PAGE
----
Ice — everyone uses it. It’s something we can make right at home in our freezers. Why, then, does a company like Howard & Sons Ice Co. exist?
The answer is simple: No one wants ice that tastes like the inside of their freezer. While many of us may not be consciously aware of the flavor of the cubes themselves, ice can actually alter the way our beverages taste. Aside from that, who knows what kind of water is used for those bulk bags of ice we can buy at our local convenience store?
These are points Stephen Howard considered when he decided to step away from his regular day job and focus on making ice better, not just for an elite sect of consumers, but for every person who wants to keep their drinks cold. He was determined to put out a higher-quality product than what most of us are used to, and his mission was to create a clear, flavorless ice that looks and tastes better than what we get from the ice trays in our freezer.
Like any entrepreneur, Howard faced challenges in the beginning of his ice-making endeavor — quite simply, a lot of people just don’t really care about ice. Also, most consumers are used to ice being free, and creating a higher-quality product often means more costs are tacked on for the end user. To create a crystal-clear ice cube that doesn’t melt down as quickly (and thus doesn’t dilute drinks), upscale bartenders will typically create a large block and cut the ice down by hand. However, the cost of doing this on a larger scale would be too great for a larger business. At ritzy bars that do serve this style of clear, flavorless ice, an extra dollar is often tacked on to the price of an already expensive cocktail, thus limiting the consumer base to those willing to spend a lot of money on a fancy beverage.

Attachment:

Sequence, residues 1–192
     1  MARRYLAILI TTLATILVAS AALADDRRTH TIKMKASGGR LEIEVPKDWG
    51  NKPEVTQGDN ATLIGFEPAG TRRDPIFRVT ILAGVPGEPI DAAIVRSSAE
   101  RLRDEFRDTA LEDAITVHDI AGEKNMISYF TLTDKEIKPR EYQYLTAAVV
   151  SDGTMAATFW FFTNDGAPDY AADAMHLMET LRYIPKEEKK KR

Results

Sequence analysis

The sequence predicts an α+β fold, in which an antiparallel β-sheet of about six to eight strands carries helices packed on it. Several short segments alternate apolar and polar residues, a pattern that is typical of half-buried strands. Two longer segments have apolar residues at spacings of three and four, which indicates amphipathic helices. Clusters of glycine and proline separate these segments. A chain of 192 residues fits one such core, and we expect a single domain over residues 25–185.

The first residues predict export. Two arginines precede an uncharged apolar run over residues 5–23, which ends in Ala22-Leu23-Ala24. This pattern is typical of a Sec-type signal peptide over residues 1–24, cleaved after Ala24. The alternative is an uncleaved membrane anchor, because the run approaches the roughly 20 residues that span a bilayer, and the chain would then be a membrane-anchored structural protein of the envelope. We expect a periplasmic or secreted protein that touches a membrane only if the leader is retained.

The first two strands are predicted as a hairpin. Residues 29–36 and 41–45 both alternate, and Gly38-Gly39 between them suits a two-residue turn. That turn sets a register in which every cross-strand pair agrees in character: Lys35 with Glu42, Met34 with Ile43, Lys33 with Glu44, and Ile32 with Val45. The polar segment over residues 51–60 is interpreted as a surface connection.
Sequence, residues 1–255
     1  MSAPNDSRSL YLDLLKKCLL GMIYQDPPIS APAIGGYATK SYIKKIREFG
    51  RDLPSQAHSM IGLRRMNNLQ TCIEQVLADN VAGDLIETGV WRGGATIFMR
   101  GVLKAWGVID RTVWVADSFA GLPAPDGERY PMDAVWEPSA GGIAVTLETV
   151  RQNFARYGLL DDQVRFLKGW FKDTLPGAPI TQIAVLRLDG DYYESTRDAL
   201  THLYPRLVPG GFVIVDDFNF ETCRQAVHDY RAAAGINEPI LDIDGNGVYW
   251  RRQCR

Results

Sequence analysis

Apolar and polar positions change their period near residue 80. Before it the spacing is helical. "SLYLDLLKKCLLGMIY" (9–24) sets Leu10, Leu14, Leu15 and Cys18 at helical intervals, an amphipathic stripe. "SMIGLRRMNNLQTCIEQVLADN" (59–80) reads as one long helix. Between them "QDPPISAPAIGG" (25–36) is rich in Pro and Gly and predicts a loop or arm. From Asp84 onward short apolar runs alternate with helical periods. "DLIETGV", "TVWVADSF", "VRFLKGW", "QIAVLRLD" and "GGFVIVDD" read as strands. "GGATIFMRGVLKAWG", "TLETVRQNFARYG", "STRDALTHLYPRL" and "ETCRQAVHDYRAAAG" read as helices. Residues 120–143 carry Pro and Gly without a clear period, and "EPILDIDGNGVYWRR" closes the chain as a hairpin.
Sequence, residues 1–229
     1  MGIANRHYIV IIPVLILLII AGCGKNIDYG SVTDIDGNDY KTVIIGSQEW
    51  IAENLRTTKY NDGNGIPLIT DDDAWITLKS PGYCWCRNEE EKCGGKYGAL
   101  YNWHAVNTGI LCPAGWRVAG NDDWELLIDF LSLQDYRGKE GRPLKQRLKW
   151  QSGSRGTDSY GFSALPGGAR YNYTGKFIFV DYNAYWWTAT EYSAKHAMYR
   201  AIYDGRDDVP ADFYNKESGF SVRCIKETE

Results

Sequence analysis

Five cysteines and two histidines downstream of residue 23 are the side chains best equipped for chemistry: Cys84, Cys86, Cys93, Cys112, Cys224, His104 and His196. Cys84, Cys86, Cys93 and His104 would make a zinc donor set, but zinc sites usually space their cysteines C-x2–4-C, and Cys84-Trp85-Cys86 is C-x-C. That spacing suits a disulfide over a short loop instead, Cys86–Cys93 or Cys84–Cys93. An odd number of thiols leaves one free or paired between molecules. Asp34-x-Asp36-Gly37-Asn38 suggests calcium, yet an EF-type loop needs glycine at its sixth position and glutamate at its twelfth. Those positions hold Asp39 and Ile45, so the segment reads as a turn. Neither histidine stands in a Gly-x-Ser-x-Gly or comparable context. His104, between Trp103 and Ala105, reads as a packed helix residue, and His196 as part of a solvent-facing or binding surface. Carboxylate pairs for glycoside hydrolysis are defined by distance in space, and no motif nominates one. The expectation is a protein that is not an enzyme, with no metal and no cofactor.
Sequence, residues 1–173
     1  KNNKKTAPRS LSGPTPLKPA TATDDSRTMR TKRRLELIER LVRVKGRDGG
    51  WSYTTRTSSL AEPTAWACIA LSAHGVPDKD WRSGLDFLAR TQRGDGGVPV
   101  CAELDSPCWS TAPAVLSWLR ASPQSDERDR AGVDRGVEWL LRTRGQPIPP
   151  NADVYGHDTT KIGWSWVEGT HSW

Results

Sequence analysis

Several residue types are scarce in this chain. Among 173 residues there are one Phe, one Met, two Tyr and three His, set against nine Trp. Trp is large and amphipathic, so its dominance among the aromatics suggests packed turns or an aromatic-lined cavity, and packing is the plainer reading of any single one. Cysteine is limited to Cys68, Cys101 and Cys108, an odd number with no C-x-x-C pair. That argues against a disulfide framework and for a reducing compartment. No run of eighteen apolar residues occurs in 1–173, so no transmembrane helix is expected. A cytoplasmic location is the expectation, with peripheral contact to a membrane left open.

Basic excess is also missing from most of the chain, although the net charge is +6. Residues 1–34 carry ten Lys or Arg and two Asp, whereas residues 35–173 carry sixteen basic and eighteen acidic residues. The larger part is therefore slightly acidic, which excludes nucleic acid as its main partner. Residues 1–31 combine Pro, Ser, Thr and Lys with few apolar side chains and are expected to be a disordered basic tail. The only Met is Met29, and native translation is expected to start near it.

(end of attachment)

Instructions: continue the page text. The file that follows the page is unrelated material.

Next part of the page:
Howard wanted to make high-quality, clear, flavorless ice available to more than just elite consumers. This ice needed to be readily available to any person, anywhere — from a parent who wants to be sure the water used to chill their child’s juice isn’t contaminated, to young hipsters drinking a cold-brew coffee with subtle but distinct flavor notes. Producing and selling ice to a wider, more diverse range of consumers required proper ice packaging that would both sell the idea of “high-quality ice,” and keep it protected from any outside elements that could alter its flavor, appearance, or structure.
When shopping around for packaging for ice, Howard initially ordered 500 stand up pouches from a manufacturer on Amazon.com. After receiving them and inspecting their quality, he was less than thrilled. He needed ice packaging that was going to properly reflect the care and attention to detail that went into creating his frozen product while looking attractive in stores and, most importantly, keeping the ice intact from point A to point B.
Howard pulled out a package of Himalayan salt from his home pantry. He was impressed with the quality of the stand up pouch it came in, and he boldly decided to call the salt company and ask who their packaging supplier was. Initially, the brand assumed he was a competitor, but after explaining his business venture, they referred Howard to StandUpPouches.net for his packaging needs.